For years the Boy Scouts of America has been pressured to allow homosexuals to serve as Scout leaders. After what is described “as a wide-ranging internal review, the century-old organization followed its principles, rejected arguments from pro-homosexual advocates, and reaffirmed its longtime anti-homosexual policy. I suspect that the Jerry Sandusky affair muted the typical moral outrage of the usual secular suspects.
The official policy reads: “While the B.S.A. does not proactively inquire about the sexual orientation of employees, volunteers or members, we do not grant membership to individuals who are open or avowed homosexuals or who engage in behavior that would become a distraction to the mission of the B.S.A.”
It’s shocking that anyone would even consider that homosexuals should serve as Scout masters or that discrimination based on sexual practices should not allowed. Secular humanism has led to a leveling of man. The leveling is accomplished by constantly lowering standards, whether they are religious, moral, or academic. Christian philosopher Cornelius Van Til has called this “integration downward into the void.”
Today’s defenders of homosexual behavior have, in the words of Daniel Patrick Moynihan, “defined deviancy down”1 so that what was morally shocking twenty years ago is acceptable, or at least tolerated, behavior today. Robert Bork, no stranger to the moral double standard, explains the phenomenon:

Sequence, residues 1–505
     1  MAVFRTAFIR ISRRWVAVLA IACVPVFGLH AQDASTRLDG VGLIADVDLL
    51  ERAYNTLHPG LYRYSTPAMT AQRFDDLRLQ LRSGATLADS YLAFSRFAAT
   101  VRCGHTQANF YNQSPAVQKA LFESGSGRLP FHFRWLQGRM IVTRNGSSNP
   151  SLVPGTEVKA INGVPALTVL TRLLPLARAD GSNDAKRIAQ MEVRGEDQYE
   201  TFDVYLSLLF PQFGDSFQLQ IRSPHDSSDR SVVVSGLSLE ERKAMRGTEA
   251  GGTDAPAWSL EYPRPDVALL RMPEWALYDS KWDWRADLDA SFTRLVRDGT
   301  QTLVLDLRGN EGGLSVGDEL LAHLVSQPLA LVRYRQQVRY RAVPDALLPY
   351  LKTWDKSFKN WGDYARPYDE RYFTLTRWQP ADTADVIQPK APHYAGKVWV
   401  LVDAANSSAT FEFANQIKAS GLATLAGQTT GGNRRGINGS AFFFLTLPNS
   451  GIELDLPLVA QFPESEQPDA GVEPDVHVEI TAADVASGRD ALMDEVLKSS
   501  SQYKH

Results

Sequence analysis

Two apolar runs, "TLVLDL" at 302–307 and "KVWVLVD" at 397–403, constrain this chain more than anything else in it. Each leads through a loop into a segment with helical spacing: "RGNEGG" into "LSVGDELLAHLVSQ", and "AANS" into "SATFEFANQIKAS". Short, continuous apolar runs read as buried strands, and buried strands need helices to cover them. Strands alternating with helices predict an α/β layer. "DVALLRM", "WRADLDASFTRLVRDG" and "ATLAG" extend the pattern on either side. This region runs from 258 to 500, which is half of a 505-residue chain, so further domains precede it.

“Emile Durkheim, a founder of sociology, posited that there is a limit to the amount of deviant behavior any community can ‘afford to recognize.’ As behavior worsens, the community adjusts its standards so that conduct once thought reprehensible is no longer deemed so.”2
At the same time, these same moral misfits are defining their own brand of moral deviancy up. What was considered morally normal thirty years ago — two-parents of the opposite sex married and living together, participation in the Boy Scouts and being protected from homosexual predators, rejecting a pro-death culture, and stay-at-home moms — is now
“portrayed as oppressive and shot through with pathologies, ‘As part of the vast social project of moral leveling,” [Charles] Krauthammer wrote, “it is not enough for the deviant to be normalized. The normal must be found to be deviant.’ This situation is thoroughly perverse. Underclass values become increasingly acceptable to the middle class, especially their young, and middle-class values become increasingly contemptible to the cultural elites.”3
Maybe we’re beginning to see a moral turn around in America. More organizations should learn from the Boy Scouts of America and stop backing down from the immoral bullies.
- Daniel Patrick Moyniham, “Defining Deviancy Down,” American Scholar (Winter 1993). [↩]
- Robert H. Bork, Slouching Towards Gomorrah: Modern Liberalism and American Decline (New York: Regan Books, 1996), 3. [↩]
- Bork, Slouching Towards Gomorrah, 3–4. [↩]
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